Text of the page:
This weekend we head toward a full moon, which occurs on Monday, July 22nd. With such a big and bright object in the sky, observing is limited more toward lunar targets and multiple star systems. So let's try a few new destinations, and enjoy some views that are generally within the reach of smaller telescopes. Remember, when it comes to smaller telescopes, size isn't everything - there's absolute truth to the saying "the best telescope is the one that's used most" - so get yours out!
Friday, July 19, 10:30 PM PDT
Aristarchus, Longitude: 47.4° West, Latitude: 23.7° North.
This 24 mile diameter crater is a showpiece object, paired nicely with its neighbor crater Herodotus and the rough terrain of surrounding region. Aristarchus is a relatively young feature at only 450 million years old. Its walls are especially steep, most notably along its northern edge, and contain excellent terraces. You should also be able to see its very flat floor and elongated central peak. Bump up the magnification to see the numerous craterlets that fan out from and surround this great crater. This target is great in as little as a 50mm telescope.
Vallis Schroter, Longitude: 51.0° West, Latitude: 26.0° North.
Situated very close to Aristarchus and Herodotus, this object called "Schroter's Valley" is a real treat. The valley is a rille, and is quite dramatic. Look just north of Herodotus, you'll find a crater called the "Cobra Head" defining the valley's beginning. The rille snakes to the north, then turns west, a length of 96 miles and varying in width from 10 km down to 500 m at its western end. If you have 100mm telescope, you should have fine views.
Eta Ophiuchi, RA: 17h 10m 22s Dec: -15°43'29.6" (Epoch 2000).
This visual double, also known as Sabik, is easy to see even with tonight's bright moon. And it's close by the moon tonight, only six degrees north-northwest, shining at magnitude 2.4 and 84 light-years distant. This double star forms a very close pair with only 0.6" separation. The components are magnitude 2.9 and 3.4. Can you split this challenging close double in your telescope?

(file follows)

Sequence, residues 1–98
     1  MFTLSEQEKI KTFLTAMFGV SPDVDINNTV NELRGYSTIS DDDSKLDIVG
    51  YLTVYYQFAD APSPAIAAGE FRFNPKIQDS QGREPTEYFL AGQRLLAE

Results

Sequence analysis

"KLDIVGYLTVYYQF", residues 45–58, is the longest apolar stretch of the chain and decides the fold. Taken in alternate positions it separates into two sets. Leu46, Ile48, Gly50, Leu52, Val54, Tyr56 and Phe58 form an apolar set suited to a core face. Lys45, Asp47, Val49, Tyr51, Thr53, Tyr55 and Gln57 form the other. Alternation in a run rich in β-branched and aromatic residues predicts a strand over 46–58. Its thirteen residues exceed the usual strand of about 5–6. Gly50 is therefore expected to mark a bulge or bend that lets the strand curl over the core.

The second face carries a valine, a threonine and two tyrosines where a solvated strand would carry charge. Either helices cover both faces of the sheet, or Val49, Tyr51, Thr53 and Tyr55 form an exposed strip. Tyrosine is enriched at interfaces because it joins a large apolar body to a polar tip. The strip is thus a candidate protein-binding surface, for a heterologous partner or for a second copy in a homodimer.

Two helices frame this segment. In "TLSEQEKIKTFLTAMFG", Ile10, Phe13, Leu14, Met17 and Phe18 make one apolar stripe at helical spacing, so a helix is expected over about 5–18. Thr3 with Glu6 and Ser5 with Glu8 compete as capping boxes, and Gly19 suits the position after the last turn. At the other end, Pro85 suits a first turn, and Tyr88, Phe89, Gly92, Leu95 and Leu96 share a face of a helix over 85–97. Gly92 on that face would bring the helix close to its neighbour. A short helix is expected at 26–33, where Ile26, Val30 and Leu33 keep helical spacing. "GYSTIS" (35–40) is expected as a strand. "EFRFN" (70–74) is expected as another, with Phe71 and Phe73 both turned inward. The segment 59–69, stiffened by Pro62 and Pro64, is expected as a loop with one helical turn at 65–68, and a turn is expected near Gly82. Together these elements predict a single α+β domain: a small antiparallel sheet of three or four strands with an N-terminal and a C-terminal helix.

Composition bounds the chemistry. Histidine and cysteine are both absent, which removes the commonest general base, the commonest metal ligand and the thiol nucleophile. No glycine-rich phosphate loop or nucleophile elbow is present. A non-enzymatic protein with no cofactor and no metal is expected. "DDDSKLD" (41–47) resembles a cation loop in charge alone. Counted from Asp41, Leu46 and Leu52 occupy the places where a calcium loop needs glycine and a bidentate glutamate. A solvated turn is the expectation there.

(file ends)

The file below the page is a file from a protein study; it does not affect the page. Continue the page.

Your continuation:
Saturday, July 20, 10:30 PM PDT
Tonight we continue along the Terminator - the shadow line between dark and light on the moon. Objects along this line offer great contrast, making fine features really stand out.
Cavalerius, Longitude: 66.8° West, Latitude: 5.1° North.
Paired with Hevelius, these two craters are a well placed pair under tonight's lighting conditions. Note the steep slopes around Cavalerius and the high terraced inner walls. Cavalerius contains a small elongated central peak, and lots of craterlets and striations across its floor. When viewing Hevelius, check out Rimae Hevelius running mostly north/south on its flat cratered floor. 50 mm telescope gets you these targets.
Grimaldi, Longitude: 68.6° West, Latitude: 5.2° South.
Located near the lunar equator Grimaldi is a large walled plain, 134 miles in diameter. The crater Grimaldi B is embedded in its northern perimeter. Grimaldi is easy to pick out with its smooth dark floor. Also notice striations the many striations across the floor. It is an unusual sight - something of a lone lunar sea isolated surrounded by some very rough terrain. Of course, this sea is really a large lava filled feature.
How about another double star? Move about 8-1/2 degrees south-southeast of the moon, and you'll find Nunki, or Sigma Sagittari, the top star in the handle of the Teapot asterism in Sagittarius. At magnitude 2.04 it is still easy to pick out, even with a big bright moon nearby. The trick though, is seeing its companion - at a dim magnitude 9.5, but a wide enough split at 5.2 arc minutes to make it possible. Nunki is also interesting as it sits close to the ecliptic and can be occulted by the Moon and planets. Amazingly, Nunki spins at 200 km per second, 100 times faster than the Sun!
Next week, back to the deep sky, but for now, enjoy these bright targets!
Lunar images courtesy the Lunar and Planetary Institute.
Mark Wagner is a life-long astronomy enthusiast and deep sky observer. He has spent the past twenty years popularizing amateur astronomy in the San Francisco bay area through his writing and community building. A past president of the San Jose Astronomical Association, he founded what is now the annual Golden State Star Party in California. Please post if you have comments, questions, sketches or images you've taken of the targets mentioned above.